Way to Win, a women-led network of deep-pocketed donors, commissioned Data for Progress to look into potential vice presidential picks after Super Tuesday, when Biden ran up an imposing delegate lead over Sen. Bernie Sanders.
The think tank, whose polls of presidential primary contests this year have been highly regarded for their accuracy, conducted an online survey of 4,998 likely voters across the country on March 12 to gauge how potential Democratic tickets would fare against Trump and Vice President Mike Pence.
The group tested five buzzed-about potential options: Abrams and Sens. Kamala Harris of California, Elizabeth Warren of Massachusetts, Amy Klobuchar of Minnesota and Cory Booker of New Jersey (Biden has since committed to picking a woman).
Data for Progress founder Sean McElwee wrote in a memo analyzing the findings that Abrams performed uniquely well across a range of demographic groups, including both independent voters and core Democratic constituencies whose lower-than-expected turnout in 2016 hurt Hillary Clinton.
"A Biden–Abrams ticket would beat a Trump-Pence ticket and perform competitively with other hypothetical tickets, while also overperforming with key groups that constitute the Democratic Party's base," McElwee wrote.
While a hypothetical Biden-Warren ticket performed slightly better among young voters, a Biden-Abrams pairing was not far behind and tied with a Biden-Klobuchar ticket among independent voters (a weaker spot for Warren). But most notably, a Biden-Abrams ticket was the strongest of the options among black voters and women of color.
Biden did well among black voters in the Democratic primaries, but 2016 showed that doesn't necessarily translate to November, said Tory Gavito, executive director of Way to Win.
"Primary voters are your regular voters. If it was church, those are people who show up every Sunday. We need to figure out how to get new people in the pews," Gavito said.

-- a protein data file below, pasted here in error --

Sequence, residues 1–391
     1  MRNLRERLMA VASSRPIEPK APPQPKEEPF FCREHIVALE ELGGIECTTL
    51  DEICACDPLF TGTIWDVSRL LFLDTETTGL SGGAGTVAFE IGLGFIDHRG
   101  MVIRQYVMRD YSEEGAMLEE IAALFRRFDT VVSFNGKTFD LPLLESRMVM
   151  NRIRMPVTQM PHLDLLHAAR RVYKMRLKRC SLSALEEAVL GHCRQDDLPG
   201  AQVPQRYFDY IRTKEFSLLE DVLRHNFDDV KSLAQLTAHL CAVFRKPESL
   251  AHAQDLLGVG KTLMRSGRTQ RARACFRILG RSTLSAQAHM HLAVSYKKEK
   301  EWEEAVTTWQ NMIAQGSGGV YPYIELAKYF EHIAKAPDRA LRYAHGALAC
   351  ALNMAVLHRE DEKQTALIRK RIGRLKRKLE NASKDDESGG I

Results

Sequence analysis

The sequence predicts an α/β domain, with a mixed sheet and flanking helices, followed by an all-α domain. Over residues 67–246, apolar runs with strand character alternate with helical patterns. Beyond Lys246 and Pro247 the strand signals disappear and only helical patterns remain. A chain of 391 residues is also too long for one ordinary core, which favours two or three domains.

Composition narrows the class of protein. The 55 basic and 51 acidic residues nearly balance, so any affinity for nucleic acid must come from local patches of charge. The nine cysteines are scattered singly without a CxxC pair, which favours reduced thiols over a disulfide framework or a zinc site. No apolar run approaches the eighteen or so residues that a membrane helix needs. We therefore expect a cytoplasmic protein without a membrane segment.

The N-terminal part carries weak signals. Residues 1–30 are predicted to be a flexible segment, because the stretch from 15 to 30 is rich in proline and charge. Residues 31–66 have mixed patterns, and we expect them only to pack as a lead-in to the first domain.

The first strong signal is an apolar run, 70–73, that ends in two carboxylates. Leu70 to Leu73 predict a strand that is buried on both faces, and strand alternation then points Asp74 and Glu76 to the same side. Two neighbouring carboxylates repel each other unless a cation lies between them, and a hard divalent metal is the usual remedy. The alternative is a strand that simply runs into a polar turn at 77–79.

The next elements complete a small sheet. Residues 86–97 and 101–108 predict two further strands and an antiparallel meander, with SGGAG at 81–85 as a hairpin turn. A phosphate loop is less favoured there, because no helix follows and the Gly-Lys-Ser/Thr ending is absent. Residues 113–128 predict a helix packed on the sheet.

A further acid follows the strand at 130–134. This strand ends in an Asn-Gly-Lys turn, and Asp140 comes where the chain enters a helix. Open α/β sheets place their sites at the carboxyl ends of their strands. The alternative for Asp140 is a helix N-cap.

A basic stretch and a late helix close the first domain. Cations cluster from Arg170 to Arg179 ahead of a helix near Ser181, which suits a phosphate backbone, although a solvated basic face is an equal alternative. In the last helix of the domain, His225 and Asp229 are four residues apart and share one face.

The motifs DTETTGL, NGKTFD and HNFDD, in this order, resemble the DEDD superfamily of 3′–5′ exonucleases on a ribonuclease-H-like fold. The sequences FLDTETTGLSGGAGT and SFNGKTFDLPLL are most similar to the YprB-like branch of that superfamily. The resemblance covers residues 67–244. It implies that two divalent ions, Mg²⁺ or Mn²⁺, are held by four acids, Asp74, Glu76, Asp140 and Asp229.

Abrams is the least well known of the potential candidates, but her favorability ratings improved more than those of some other potential candidates after survey respondents were given short bios of each, which included both positive and negative points.
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The memo also raised concerns about picking any senator, even from relatively blue states like Minnesota or Nevada (Sen. Catherine Cortez Masto of Nevada has also been discussed as a potential option), because doing so might give Republicans a chance to win the seat or could, at a minimum, leave the seat vacant during the critical early days of a new administration, when every Democratic vote in the Senate might be crucial.
"Other hypothetical tickets raise significant concerns about control of the Senate," the memo states. "There are even risks for Biden picking Warren to run as his vice president. The governor of Massachusetts is Charlie Baker, a Republican, who will have the power to appoint a replacement for Warren until a special election takes place."
Gavito said that the choice of a running mate will be unusually important this year and that Biden needs not to repeat Clinton's mistake of choosing someone whose main role is to essentially do no harm (she chose Sen. Tim Kaine of Virginia in 2016).
"Historically, folks will tell you the VP pick is less important. I think we are not in a typical historic moment," Gavito told NBC News. "When it comes to what it takes to win, we have to balance the ticket with gender, ideological, geographic, racial and generational diversity."